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Berberis aetnensis

Mount Etna barberry

This small, scrubby, deciduous, dwarf species of Barberry grows to about 2 ft high and has crooked branches and is suitable for the rock or alpine garden. Its leaves are small, oval shaped, sometimes toothed or with bristles and it is quite thorny having three-parted spines, sometimes over 1 inch long. It has pretty small yellow flowers in late spring, in short clusters 3⁄4 to 1 1⁄4 inch long, carrying six to sometimes fifteen individual little flowers. The little berry like fruits are red turning red-black when fully ripe.

Size
Ultimate height
0.5–1 metres
Time to ultimate height
5–10 years
Ultimate spread
0.5–1 metres
Growing conditions
Chalk
Clay
Loam
Sand
Moisture
Well–drained, Moist but well–drained
pH
Acid, Alkaline, Neutral
Colour & scent
StemFlowerFoliageFruit
Spring Yellow Green Grey Silver
Summer Yellow Green Grey Silver
Autumn Green Grey Silver Yellow Red
Winter Red Black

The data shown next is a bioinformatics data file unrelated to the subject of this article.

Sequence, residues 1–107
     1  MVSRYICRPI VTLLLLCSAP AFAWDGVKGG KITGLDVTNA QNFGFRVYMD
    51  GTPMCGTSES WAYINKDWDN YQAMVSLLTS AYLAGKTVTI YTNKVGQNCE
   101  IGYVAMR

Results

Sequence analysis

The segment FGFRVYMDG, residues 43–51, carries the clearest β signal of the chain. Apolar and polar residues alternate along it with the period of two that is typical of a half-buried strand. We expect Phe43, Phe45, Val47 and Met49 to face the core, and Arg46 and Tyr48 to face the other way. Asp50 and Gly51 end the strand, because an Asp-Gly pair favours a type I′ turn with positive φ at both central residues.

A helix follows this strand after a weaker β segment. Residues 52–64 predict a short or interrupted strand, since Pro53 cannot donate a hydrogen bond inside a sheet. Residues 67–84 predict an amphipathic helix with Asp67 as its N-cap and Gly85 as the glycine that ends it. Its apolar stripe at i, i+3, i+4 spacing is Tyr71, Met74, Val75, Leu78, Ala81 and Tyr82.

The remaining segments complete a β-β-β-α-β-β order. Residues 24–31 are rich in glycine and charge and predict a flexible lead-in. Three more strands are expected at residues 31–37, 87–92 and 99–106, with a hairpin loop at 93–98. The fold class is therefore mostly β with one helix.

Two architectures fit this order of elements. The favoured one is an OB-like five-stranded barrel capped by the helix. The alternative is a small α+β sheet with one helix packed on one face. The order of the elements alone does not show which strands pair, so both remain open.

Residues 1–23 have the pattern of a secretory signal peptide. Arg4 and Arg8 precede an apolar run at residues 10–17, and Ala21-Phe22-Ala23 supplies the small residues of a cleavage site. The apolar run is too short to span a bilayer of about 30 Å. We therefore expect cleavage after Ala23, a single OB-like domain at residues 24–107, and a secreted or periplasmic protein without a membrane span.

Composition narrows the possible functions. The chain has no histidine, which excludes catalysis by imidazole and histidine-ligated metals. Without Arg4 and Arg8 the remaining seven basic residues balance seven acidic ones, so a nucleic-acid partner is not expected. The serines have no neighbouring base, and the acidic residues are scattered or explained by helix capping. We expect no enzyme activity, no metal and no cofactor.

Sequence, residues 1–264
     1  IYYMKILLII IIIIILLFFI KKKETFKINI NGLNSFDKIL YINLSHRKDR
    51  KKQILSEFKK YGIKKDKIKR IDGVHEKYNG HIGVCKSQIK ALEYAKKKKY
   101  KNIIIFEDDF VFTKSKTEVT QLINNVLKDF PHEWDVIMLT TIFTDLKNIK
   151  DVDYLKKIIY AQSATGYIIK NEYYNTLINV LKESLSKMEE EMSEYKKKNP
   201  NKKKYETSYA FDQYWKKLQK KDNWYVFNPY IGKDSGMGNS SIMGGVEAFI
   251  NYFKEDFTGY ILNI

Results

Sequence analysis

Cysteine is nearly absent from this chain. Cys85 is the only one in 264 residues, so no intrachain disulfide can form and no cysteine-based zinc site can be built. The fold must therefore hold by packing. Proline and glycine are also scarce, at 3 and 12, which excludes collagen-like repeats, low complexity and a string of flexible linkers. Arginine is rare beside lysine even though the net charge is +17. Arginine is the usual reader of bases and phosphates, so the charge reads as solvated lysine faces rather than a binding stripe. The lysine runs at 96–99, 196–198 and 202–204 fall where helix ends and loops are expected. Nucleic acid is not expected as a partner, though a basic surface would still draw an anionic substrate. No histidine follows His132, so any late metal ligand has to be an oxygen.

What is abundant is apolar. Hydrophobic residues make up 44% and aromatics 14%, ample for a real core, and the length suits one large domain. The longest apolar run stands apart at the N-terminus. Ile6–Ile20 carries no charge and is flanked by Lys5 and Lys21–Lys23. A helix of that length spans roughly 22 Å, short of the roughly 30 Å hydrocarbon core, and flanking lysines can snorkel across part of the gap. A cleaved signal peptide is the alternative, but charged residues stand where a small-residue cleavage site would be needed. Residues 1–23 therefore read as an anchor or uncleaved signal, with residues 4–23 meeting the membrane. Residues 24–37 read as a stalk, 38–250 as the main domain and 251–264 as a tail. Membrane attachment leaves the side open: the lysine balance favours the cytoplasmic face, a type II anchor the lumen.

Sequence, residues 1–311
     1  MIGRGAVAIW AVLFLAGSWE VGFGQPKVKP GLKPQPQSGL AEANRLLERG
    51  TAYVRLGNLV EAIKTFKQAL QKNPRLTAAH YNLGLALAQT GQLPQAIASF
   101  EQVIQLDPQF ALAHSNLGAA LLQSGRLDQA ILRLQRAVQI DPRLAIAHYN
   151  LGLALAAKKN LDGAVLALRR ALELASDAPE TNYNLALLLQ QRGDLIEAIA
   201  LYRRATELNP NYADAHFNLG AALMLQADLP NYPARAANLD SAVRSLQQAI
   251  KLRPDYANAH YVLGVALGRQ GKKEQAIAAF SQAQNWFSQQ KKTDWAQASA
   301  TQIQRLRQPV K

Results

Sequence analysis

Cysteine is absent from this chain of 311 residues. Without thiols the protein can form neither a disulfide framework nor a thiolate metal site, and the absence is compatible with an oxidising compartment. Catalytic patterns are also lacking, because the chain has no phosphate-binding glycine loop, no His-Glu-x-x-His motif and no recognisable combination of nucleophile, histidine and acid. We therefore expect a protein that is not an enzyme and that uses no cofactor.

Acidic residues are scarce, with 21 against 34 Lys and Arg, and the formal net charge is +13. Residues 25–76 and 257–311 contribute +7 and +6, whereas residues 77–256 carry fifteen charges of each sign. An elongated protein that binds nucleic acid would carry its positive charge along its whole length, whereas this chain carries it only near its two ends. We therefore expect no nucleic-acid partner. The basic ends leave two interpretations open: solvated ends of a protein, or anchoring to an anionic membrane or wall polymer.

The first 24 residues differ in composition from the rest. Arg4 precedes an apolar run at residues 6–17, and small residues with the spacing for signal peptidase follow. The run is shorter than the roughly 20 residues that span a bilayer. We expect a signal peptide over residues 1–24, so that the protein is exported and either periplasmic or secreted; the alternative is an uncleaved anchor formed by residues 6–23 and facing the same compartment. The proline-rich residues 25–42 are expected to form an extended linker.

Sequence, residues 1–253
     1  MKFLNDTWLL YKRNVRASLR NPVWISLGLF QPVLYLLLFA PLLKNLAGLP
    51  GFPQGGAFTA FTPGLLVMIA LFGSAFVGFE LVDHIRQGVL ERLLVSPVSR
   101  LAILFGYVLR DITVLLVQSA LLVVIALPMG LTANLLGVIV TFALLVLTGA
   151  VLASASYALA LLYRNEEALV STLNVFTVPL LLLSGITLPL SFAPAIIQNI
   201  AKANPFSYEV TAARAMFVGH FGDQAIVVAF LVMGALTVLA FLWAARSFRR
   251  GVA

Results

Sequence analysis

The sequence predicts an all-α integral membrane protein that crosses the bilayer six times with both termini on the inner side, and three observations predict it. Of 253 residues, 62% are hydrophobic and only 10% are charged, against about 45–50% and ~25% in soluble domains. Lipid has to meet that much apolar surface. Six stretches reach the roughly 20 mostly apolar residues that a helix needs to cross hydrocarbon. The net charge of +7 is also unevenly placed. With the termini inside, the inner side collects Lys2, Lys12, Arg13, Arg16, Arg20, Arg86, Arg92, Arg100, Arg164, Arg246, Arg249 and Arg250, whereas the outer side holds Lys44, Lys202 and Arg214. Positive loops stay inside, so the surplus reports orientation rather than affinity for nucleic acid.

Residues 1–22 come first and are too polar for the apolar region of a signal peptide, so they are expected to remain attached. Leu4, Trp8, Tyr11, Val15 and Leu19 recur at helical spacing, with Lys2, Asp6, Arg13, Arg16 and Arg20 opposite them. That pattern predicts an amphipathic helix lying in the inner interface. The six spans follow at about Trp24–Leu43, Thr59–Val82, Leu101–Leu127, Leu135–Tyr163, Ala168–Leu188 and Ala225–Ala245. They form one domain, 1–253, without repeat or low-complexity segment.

Position
  • Full sun
  • Partial shade
Aspect

East–facing or North–facing or South–facing or West–facing

Exposure
Exposed
Hardiness
H5
Botanical details
Family
Berberidaceae
Native to the UK
No
Foliage
Deciduous
Habit
Bushy
Genus

Berberis can be deciduous or evergreen shrubs with spiny shoots bearing simple, often spine-toothed leaves, and small yellow or orange flowers in axillary clusters or racemes, followed by small berries

Name status

Correct

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How to grow

Cultivation

Grows in well-drained soil in full sun or partial shade.

Propagation

Propagate by seed sown in early spring. Many species can cross freely in gardens, so seed-raised plants can often be hybrids. Take semi-ripe cuttings in summer.

Suggested planting locations and garden types
  • Coastal
  • Rock garden
  • Mediterranean climate plants
  • Gravel garden
  • Low Maintenance
  • Banks and slopes
  • Ground cover
Pruning

Pruning group 8

Pests

May be susceptible to aphids and to berberis sawfly

Diseases

May be susceptible to Powdery mildews.

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